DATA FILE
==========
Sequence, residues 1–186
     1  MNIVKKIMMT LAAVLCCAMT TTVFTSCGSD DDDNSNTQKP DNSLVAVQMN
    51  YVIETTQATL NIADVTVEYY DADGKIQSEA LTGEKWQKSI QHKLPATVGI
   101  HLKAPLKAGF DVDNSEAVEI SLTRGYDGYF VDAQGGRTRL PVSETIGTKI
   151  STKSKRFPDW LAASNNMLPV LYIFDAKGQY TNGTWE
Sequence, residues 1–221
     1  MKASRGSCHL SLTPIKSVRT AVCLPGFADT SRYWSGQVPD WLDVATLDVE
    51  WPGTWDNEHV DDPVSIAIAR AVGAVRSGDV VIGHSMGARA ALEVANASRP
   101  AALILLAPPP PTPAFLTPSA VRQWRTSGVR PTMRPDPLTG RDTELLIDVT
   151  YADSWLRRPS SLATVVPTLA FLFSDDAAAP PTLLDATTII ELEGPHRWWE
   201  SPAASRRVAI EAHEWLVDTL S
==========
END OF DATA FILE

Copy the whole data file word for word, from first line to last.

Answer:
Sequence, residues 1–186
     1  MNIVKKIMMT LAAVLCCAMT TTVFTSCGSD DDDNSNTQKP DNSLVAVQMN
    51  YVIETTQATL NIADVTVEYY DADGKIQSEA LTGEKWQKSI QHKLPATVGI
   101  HLKAPLKAGF DVDNSEAVEI SLTRGYDGYF VDAQGGRTRL PVSETIGTKI
   151  STKSKRFPDW LAASNNMLPV LYIFDAKGQY TNGTWE
Sequence, residues 1–221
     1  MKASRGSCHL SLTPIKSVRT AVCLPGFADT SRYWSGQVPD WLDVATLDVE
    51  WPGTWDNEHV DDPVSIAIAR AVGAVRSGDV VIGHSMGARA ALEVANASRP
   101  AALILLAPPP PTPAFLTPSA VRQWRTSGVR PTMRPDPLTG RDTELLIDVT
   151  YADSWLRRPS SLATVVPTLA FLFSDDAAAP PTLLDATTII ELEGPHRWWE
   201  SPAASRRVAI EAHEWLVDTL S